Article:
Crowd Control Strategies

May 4, 2012 — 1,928 views  
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When a group of people comes together to protest a political agenda or promote social causes, the opportunity for violence is a main concern for officials. In the past, riot patrol units would sometimes approach these situations with a militaristic mindset, fully prepared to use force to convince people into submission. The anti-war rally seen at Kent State University on May 4, 1970, featured one of the most violent crowd control efforts employed in the history of the United States. However, today's efforts are far more peaceful, and law enforcement personnel focus on ensuring safety instead of exerting authority to its fullest extent.

Violence isn't the answer
In today's society, riot officials have taken on a more humanitarian title as crowd management units. These officials don't engage in physical battles with protesters or large crowds that have grown unruly. Instead, they attempt to calm people down, using careful strategies to break up movements and ensure the public's safety. Law enforcement personnel use available resources and planning to funnel groups of people into smaller bubbles where emotion may not influence erratic behavior.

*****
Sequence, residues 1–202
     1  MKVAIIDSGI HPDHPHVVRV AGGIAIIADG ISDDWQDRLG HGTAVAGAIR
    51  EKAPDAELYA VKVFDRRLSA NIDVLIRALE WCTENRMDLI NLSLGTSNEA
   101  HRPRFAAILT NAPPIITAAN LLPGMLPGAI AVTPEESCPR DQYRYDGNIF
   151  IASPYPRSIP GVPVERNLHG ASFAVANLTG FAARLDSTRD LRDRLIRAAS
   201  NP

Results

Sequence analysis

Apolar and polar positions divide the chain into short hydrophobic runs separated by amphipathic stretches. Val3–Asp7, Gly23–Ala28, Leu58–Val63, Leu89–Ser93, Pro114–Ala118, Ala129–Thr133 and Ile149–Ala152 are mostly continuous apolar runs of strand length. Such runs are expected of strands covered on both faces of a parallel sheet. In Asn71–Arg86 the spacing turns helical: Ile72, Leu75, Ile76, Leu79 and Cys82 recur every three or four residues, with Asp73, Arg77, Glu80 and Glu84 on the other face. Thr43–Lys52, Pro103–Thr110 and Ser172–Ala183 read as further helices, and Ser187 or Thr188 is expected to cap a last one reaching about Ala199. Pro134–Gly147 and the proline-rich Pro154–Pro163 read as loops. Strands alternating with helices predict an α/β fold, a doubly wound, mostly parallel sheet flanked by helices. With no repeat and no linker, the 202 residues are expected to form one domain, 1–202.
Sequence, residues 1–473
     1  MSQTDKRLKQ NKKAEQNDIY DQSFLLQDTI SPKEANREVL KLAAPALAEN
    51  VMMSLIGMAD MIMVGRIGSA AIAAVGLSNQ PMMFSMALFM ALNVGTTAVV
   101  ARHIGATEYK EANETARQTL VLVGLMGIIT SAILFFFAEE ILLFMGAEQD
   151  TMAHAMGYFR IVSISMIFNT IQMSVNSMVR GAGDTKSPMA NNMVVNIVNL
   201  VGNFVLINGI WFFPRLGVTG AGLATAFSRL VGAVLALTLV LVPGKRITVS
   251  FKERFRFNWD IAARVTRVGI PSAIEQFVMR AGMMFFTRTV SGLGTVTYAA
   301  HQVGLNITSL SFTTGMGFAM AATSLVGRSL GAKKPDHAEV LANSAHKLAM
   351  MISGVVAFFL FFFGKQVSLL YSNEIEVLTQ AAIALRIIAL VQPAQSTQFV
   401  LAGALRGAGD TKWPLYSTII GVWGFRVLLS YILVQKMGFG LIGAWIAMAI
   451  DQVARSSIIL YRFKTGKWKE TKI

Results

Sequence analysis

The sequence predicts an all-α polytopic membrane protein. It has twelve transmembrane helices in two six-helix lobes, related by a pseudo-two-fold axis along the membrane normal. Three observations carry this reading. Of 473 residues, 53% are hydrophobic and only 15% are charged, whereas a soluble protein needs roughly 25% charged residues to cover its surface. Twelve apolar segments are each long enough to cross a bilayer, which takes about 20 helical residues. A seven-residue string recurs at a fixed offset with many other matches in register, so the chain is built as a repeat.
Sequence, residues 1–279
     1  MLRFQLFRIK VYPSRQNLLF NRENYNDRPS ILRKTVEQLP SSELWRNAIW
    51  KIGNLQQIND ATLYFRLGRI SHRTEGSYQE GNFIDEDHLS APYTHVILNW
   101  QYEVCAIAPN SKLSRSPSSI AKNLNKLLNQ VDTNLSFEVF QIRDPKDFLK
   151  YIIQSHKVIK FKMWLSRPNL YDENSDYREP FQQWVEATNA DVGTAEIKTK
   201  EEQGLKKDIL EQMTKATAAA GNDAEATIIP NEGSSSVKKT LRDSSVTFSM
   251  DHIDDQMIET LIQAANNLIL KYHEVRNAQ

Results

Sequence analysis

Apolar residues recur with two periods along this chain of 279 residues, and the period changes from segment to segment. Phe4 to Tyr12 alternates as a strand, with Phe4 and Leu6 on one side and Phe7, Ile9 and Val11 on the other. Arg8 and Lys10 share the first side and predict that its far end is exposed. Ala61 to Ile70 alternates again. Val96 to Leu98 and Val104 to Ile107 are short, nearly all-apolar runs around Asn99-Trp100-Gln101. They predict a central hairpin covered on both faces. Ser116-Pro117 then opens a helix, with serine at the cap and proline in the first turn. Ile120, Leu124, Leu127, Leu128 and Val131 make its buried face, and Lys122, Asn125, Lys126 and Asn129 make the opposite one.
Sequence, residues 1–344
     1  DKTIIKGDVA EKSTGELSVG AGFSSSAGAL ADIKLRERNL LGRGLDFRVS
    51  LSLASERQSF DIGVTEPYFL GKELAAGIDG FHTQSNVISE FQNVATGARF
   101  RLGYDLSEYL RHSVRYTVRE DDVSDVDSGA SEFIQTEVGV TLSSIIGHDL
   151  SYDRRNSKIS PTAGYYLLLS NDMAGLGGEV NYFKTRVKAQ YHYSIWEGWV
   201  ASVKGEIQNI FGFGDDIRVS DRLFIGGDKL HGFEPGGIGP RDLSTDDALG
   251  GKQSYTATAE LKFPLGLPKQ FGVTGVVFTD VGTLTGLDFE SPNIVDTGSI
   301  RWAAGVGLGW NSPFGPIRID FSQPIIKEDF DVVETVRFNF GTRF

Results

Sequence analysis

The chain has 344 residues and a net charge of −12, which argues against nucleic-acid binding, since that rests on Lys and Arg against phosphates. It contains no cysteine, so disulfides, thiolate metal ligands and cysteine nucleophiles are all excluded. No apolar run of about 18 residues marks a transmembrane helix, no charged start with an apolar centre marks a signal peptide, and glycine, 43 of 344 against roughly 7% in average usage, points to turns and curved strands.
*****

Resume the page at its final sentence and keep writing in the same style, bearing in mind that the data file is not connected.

Plan ahead to prevent danger
The first step in crowd control is planning well in advance for an event. Traditionally, riots or dangerous crowds form after protests, sporting events or music concerts grow to an unmanageable degree. It's essential for law enforcement personnel to have a firm grasp on the amount of people expected at any given gathering, so officials can employ the help of enough officers to control crowds and improve safety in the area. If law enforcement personnel are deployed to handle activists at a protest, it may be worthwhile to monitor the assembly before it begins to determine any safety concerns, maintaining a sufficient ratio of police to people at the event.

Ground rules and dispersion
It's important to set up ground rules for crowds to follow. If a group is designated to a specific area, law enforcement personnel need to make sure people don't expand beyond that area's boundaries, which could cause the crowd to grow out of control. In addition, when people begin to act inappropriately, it's essential for law enforcement personnel to infiltrate the crowd and isolate those who have the potential to send the movement skyrocketing toward a possible riot. While law enforcement personnel must respect people's right to gather, safety is always a pressing concern and takes precedence in the eyes of many officials.